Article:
The long burst GRB 050717 was observed simultaneously by the Burst Alert Telescope (BAT) on Swift and the Konus instrument on Wind. Significant hard to soft spectral evolution was seen. Early gamma-ray and X-ray emission was detected by both BAT and the X-Ray Telescope (XRT) on Swift. The XRT continued to observe the burst for 7.1 days and detect it for 1.4 days. The X-ray light curve showed a classic decay pattern; the afterglow was too faint for a jet break to be detected. No optical, infrared, or ultraviolet counterpart was discovered despite deep searches within 14 hr of the burst. Two particular features of the prompt emission make GRB 050717 a very unusual burst. First, the peak of the vF(v) spectrum was observed to be 2401-568 +781 keV for the main peak, which is the highest value of E peak ever observed. Second, the spectral lag for GRB 050717 was determined to be 2.5 ± 2.6 ms, consistent with zero and unusually short for a long burst. This lag measurement suggests that this burst has a high intrinsic luminosity and hence is at high redshift (z > 2.7). Despite these unusual features, GRB 050717 exhibits the classic prompt and afterglow behavior of a gamma-ray burst.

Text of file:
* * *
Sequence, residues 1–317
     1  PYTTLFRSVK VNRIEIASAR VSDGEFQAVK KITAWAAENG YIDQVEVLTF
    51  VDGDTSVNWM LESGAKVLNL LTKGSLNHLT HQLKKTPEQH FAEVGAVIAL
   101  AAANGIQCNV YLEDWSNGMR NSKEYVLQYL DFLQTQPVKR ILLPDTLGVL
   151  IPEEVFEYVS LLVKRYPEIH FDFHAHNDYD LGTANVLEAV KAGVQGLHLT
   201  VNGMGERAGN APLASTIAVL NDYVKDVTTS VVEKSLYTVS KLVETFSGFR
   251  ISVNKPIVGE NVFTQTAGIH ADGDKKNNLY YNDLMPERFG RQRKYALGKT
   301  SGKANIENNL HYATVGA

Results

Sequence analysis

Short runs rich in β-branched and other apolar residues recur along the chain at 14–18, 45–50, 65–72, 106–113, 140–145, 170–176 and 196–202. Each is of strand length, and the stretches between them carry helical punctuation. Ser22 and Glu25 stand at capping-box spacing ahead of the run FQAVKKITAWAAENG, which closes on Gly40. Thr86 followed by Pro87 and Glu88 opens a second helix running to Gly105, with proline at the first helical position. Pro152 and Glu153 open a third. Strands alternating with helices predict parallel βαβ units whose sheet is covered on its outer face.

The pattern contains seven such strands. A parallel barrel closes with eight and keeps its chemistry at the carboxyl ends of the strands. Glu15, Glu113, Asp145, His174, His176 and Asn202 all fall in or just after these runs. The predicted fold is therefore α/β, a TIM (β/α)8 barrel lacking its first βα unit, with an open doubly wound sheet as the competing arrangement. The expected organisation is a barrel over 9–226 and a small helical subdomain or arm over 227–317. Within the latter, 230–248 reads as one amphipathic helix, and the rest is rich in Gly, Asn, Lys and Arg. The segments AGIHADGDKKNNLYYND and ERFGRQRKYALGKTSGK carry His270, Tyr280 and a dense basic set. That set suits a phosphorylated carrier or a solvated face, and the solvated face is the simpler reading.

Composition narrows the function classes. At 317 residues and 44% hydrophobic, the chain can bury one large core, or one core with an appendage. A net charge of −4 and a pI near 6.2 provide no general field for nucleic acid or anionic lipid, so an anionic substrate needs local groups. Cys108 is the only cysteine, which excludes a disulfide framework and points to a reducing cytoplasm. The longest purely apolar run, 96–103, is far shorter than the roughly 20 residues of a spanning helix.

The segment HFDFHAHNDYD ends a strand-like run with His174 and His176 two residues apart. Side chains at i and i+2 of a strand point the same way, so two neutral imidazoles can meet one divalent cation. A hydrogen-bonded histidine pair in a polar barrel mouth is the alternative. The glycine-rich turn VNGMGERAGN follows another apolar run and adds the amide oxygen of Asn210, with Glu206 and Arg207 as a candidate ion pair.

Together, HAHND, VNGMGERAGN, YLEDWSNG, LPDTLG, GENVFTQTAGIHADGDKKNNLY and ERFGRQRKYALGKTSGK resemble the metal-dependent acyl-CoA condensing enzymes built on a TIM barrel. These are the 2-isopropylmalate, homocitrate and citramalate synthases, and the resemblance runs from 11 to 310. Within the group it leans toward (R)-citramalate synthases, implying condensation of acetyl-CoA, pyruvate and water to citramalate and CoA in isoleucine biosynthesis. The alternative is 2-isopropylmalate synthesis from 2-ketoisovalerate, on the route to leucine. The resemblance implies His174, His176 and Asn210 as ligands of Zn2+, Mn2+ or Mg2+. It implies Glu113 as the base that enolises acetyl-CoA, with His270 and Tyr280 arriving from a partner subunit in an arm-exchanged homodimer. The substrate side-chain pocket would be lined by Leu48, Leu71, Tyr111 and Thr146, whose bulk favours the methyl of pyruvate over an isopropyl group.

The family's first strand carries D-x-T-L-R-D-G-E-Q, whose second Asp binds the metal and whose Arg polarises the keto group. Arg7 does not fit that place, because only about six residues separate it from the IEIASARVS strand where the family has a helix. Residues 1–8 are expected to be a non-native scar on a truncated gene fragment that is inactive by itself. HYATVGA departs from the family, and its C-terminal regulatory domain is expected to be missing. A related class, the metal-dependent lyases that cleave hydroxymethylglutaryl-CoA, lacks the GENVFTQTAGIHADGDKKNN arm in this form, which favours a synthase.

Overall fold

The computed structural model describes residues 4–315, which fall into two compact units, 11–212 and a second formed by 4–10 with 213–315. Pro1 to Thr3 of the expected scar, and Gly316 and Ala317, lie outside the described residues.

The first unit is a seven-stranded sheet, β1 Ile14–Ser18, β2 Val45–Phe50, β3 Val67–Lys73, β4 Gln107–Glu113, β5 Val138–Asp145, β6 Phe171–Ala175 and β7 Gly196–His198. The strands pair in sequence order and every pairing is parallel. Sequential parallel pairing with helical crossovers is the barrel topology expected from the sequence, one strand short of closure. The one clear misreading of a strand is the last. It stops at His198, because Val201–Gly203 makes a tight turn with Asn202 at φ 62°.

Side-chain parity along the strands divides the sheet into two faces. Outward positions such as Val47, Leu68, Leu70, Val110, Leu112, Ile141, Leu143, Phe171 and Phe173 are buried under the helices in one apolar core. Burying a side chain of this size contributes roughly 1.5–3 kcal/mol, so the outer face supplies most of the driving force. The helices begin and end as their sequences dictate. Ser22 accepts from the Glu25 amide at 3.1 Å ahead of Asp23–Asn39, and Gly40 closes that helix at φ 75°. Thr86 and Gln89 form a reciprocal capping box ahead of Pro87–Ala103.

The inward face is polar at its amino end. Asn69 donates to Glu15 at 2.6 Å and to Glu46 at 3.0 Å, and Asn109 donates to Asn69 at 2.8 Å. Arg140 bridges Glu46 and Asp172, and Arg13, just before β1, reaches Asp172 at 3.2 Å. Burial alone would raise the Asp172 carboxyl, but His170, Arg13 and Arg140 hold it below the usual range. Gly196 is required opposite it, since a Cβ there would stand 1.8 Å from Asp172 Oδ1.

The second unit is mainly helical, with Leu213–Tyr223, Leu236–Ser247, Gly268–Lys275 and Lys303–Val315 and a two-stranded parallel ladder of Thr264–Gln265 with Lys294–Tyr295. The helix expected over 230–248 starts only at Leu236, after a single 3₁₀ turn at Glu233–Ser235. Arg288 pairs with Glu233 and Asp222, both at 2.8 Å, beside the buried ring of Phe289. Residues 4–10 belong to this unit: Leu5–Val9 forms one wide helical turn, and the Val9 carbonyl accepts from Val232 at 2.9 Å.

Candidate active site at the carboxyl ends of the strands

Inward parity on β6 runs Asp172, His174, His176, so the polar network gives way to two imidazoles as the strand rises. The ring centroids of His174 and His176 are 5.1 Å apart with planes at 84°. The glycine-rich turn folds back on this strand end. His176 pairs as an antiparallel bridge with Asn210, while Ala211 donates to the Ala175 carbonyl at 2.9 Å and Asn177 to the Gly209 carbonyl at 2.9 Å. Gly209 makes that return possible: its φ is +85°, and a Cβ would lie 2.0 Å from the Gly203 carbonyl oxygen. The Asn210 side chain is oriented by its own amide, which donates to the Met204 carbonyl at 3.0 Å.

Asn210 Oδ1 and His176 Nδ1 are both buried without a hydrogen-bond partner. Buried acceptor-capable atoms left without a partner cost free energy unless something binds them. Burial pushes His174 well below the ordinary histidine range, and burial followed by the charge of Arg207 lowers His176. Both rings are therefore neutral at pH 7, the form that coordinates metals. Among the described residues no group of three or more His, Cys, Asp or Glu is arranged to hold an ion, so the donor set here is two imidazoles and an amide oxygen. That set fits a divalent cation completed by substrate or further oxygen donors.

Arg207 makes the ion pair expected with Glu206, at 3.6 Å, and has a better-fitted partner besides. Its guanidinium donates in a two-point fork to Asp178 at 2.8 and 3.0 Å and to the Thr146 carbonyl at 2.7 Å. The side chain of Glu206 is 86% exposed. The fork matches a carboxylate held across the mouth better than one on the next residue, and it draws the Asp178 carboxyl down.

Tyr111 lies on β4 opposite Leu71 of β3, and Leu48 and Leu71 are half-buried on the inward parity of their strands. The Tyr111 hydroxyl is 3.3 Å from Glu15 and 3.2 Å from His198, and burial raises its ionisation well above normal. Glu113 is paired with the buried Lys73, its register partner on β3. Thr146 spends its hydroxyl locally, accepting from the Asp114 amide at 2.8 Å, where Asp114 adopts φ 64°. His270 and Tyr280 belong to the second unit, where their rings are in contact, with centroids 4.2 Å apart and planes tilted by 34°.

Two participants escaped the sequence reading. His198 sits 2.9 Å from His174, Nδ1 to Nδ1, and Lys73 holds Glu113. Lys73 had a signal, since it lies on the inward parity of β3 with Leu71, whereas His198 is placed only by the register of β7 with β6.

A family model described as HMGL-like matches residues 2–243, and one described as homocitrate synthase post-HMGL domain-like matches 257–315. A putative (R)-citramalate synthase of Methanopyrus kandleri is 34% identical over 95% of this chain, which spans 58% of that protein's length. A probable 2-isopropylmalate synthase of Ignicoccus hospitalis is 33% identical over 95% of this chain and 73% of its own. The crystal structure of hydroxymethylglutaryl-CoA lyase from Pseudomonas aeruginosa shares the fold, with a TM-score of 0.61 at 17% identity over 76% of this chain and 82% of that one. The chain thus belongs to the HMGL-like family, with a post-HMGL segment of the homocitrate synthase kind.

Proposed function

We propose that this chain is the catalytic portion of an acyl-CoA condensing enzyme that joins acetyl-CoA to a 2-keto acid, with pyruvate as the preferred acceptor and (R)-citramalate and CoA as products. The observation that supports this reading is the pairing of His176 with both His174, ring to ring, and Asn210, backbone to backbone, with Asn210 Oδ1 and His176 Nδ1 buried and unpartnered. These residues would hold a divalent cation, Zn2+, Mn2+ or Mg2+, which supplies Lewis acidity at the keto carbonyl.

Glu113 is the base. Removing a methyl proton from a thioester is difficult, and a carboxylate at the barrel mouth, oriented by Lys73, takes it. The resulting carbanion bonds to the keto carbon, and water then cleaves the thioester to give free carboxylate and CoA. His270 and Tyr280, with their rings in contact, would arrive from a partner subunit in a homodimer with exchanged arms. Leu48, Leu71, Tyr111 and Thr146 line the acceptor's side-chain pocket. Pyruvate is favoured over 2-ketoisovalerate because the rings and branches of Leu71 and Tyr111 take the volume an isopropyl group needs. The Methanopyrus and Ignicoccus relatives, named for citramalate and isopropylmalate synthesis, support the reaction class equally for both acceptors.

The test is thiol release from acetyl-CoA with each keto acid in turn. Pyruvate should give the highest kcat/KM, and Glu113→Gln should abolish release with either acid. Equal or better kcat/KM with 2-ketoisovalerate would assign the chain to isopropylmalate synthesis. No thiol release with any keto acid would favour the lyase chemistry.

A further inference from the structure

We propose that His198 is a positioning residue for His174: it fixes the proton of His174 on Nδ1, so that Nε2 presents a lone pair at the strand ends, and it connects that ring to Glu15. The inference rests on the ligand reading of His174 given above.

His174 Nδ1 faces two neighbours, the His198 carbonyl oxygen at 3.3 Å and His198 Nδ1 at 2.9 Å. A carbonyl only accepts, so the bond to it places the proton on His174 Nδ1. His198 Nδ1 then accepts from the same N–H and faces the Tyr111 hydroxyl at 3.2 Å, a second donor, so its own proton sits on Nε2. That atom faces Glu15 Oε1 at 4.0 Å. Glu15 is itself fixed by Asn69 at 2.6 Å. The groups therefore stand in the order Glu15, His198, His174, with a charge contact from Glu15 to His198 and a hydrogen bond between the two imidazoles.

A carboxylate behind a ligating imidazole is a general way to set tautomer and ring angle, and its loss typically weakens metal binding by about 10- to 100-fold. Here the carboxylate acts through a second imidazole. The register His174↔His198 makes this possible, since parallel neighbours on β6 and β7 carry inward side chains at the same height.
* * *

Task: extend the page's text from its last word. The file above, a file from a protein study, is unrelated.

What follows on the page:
All Science Journal Classification (ASJC) codes
- Astronomy and Astrophysics
- Space and Planetary Science